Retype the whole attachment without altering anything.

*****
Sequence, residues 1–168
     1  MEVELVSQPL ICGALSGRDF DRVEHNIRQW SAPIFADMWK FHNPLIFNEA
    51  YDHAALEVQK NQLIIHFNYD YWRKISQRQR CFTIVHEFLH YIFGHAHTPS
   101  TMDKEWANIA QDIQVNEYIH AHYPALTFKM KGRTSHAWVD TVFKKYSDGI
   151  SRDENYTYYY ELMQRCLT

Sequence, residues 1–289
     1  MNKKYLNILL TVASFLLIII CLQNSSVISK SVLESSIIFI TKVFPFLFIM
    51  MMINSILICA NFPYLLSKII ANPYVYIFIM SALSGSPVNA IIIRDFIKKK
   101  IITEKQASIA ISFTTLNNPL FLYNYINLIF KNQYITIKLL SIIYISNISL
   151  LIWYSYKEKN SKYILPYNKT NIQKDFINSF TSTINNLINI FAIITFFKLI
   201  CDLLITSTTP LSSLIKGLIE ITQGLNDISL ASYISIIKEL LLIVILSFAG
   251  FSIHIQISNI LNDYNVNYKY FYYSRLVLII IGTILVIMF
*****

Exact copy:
Sequence, residues 1–168
     1  MEVELVSQPL ICGALSGRDF DRVEHNIRQW SAPIFADMWK FHNPLIFNEA
    51  YDHAALEVQK NQLIIHFNYD YWRKISQRQR CFTIVHEFLH YIFGHAHTPS
   101  TMDKEWANIA QDIQVNEYIH AHYPALTFKM KGRTSHAWVD TVFKKYSDGI
   151  SRDENYTYYY ELMQRCLT

Sequence, residues 1–289
     1  MNKKYLNILL TVASFLLIII CLQNSSVISK SVLESSIIFI TKVFPFLFIM
    51  MMINSILICA NFPYLLSKII ANPYVYIFIM SALSGSPVNA IIIRDFIKKK
   101  IITEKQASIA ISFTTLNNPL FLYNYINLIF KNQYITIKLL SIIYISNISL
   151  LIWYSYKEKN SKYILPYNKT NIQKDFINSF TSTINNLINI FAIITFFKLI
   201  CDLLITSTTP LSSLIKGLIE ITQGLNDISL ASYISIIKEL LLIVILSFAG
   251  FSIHIQISNI LNDYNVNYKY FYYSRLVLII IGTILVIMF